fri 04/12/2020

Jeneba Kanneh-Mason, Sode, Chineke! Orchestra, Edusei, RFH review - protest, passion and joy | reviews, news & interviews

Jeneba Kanneh-Mason, Sode, Chineke! Orchestra, Edusei, RFH review - protest, passion and joy

Jeneba Kanneh-Mason, Sode, Chineke! Orchestra, Edusei, RFH review - protest, passion and joy

The new, the rediscovered and the familiar rub (distanced) shoulders

Jeneba Kanneh-Mason as soloist in Florence Price's Piano Concerto in One Movement All images by Mark Allan

During the Black Lives Matter demonstrations in London earlier this year, a black man named Patrick Hutchinson hoisted over his shoulder an injured white man from the counter-protest of the English Defence League and carried him to safety. The photographs made headlines.

During the Black Lives Matter demonstrations in London earlier this year, a black man named Patrick Hutchinson hoisted over his shoulder an injured white man from the counter-protest of the English Defence League and carried him to safety. The photographs made headlines. The incident took place just outside the artists’ entrance of the Royal Festival Hall

As part of the Black Legacies series for Black History Month, the Chineke! Orchestra - inside the hall, if without an audience beyond a select few - paid tribute to Hutchinson’s selflessness with the world premiere of a new work, Remnants, by James B Wilson, featuring the poet Yomi Sode in an eloquent recitation overflowing with anger and outrage but never relinquishing essential dignity (pictured below). The orchestra, conducted by the excellent Kevin John Edusei, sets forth in tense build-ups and glistening surges of passion, periodically quietening to accompany the poet with a low drone to underpin the speaker’s words. Short and strong, the piece punches deep in the gut. One of the few advantages of mass cancellation of long-planned events is that now there is unexpected room for music to respond to the most urgent of current affairs.  Yomi Sode with the Chineke! OrchestraAlso making waves was a piece by the American composer Florence Price, whose Piano Concerto in One Movement received its full-scale UK premiere in this concert thanks to a new orchestral performing edition. It may actually be the first time it’s been performed in full since Price played it herself in 1934. “In one movement” is slightly misleading as the piece, though played without a break, falls into three distinct sections, movements in all but name - but it is a splendid discovery and hopefully will attract plenty more performances. With a first section starting in the musical spheres of Grieg and Beethoven, an imposing cadenza kicking in just after the opening, the concerto continues with a lyrical slow section featuring an almost operatic duet between piano and oboe, then concludes with an irresistible ragtime finale.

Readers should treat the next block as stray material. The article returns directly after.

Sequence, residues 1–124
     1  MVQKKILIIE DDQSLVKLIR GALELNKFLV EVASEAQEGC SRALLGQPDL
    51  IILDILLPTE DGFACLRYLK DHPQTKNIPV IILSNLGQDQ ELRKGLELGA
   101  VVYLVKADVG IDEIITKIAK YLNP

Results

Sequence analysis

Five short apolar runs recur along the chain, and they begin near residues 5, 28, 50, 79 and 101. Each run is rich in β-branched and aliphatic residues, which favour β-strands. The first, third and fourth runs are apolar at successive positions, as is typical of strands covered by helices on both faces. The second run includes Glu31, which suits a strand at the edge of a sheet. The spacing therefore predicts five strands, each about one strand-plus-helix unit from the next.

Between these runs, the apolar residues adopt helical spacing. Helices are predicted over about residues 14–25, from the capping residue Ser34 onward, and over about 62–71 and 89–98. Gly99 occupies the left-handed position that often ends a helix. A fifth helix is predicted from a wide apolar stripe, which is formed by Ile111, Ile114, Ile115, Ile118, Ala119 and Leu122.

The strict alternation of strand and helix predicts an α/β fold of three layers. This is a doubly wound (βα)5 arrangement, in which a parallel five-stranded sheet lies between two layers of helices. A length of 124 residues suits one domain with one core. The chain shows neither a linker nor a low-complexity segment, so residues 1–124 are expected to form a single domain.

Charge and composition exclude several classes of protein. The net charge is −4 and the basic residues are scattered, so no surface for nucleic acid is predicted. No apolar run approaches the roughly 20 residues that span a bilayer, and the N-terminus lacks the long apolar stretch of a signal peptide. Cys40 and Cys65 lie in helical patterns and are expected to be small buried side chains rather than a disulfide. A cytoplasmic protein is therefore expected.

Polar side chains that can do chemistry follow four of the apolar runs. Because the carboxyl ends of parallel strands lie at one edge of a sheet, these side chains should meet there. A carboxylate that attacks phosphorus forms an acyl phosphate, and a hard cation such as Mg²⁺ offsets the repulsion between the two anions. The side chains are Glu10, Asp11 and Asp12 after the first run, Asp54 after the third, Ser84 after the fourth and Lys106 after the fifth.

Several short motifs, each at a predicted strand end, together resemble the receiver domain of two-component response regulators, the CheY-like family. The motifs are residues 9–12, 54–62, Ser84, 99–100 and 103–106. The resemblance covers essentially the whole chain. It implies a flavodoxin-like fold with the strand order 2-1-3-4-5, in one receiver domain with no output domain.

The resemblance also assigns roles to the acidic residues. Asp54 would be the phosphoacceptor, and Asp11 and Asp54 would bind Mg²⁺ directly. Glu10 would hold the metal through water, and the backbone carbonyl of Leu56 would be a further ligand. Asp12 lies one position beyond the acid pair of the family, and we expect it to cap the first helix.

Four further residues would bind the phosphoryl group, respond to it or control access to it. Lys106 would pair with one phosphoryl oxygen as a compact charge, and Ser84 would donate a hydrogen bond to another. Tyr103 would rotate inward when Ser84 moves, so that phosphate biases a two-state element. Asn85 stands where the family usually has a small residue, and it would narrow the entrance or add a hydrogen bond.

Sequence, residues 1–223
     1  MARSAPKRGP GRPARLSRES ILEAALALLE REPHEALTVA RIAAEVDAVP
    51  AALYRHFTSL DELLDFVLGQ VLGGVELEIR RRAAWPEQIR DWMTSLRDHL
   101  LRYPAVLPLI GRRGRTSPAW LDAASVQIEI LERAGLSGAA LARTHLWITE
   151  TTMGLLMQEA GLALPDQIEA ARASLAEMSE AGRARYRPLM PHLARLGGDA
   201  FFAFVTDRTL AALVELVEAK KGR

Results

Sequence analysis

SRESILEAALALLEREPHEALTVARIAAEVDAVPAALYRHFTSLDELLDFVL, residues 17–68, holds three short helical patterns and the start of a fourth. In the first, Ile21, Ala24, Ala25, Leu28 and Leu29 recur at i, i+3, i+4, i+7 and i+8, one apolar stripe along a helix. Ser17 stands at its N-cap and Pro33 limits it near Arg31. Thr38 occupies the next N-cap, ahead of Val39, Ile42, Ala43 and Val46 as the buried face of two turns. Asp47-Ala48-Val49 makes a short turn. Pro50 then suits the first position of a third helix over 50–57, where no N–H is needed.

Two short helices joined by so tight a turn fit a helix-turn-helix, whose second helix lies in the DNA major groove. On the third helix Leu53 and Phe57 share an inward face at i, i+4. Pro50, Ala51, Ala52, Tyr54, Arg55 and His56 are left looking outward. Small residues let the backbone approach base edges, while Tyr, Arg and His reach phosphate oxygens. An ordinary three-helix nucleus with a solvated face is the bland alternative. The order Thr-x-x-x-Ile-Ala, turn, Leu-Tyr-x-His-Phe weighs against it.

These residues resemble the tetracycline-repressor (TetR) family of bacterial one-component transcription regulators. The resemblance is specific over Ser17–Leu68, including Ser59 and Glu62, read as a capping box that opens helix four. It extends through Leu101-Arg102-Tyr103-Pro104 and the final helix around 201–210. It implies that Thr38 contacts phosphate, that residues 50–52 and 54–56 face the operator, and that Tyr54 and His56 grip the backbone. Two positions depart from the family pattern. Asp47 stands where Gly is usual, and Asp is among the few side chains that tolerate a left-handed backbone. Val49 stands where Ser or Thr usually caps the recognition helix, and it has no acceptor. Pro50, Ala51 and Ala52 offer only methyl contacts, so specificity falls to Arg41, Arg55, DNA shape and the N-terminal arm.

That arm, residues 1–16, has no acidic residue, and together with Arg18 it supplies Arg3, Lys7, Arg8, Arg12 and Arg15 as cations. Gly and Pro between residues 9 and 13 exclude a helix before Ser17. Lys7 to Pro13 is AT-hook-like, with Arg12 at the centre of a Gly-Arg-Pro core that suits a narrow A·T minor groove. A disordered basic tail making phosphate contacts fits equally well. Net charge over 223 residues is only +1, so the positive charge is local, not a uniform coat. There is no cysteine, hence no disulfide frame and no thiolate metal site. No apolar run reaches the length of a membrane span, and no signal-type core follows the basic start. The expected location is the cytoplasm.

In another auspicious first, the soloist was 18-year-old Jeneba Kanneh-Mason, the latest of her phenomenal family to step into the limelight, poised, polished, professional and full of the joy of music-making. Her sense of ensemble, no doubt honed well through chamber music with her siblings, proved worth its weight in gold in this highly collaborative piece: it’s rare to find such a youthful pianist able to listen to and blend with an orchestra quite so expertly. Now in her first year at the Royal College of Music, she’d learned the concerto in one month flat while quarantined with an electric keyboard in her student room. I’m sure she won’t forget this occasion in a hurry, and nor will the rest of us. Chineke! ConcertThe concert had begun with another rarity, this time by Samuel Coleridge-Taylor, who is something of an emblem for Chineke! His Africa Suite, written in 1898, is full of late-Victorian charm, and has the distinctive Coleridge-Taylor voice we’re getting to know better: a mingling of Spiritual-style melody and plenty of rather innocent warmth. It’s a somewhat repetitive piece, but an enjoyable listen, well chosen to offset the intensity of the Wilson. 

Speaking of intensity, Beethoven’s Symphony No. 5 could possibly have done with a bit more of it. Beethoven was never the same again after the "Eroica": this was his “new path”, his forging of a new language for a new era, and the Fifth Symphony inspired a paean from ETA Hoffmann about the essence of Romanticism. In full historical context, it’s an urgent, red-hot eruption of energy from within a threatened world; and if it is many other things too, relaxed is not one of them. Edusei chose fleet-footed tempi, which have several benefits: letting the second movement’s variations build into moments of display, and turning the fugato theme of the scherzo’s trio into a satisfying upward flourish. Nevertheless, it was only really in the finale that the symphony fully reached the level of galvanising inner energy that it deserves. That didn’t stop me from loving every note of it, overjoyed at returning to the Royal Festival Hall for the first time since March.

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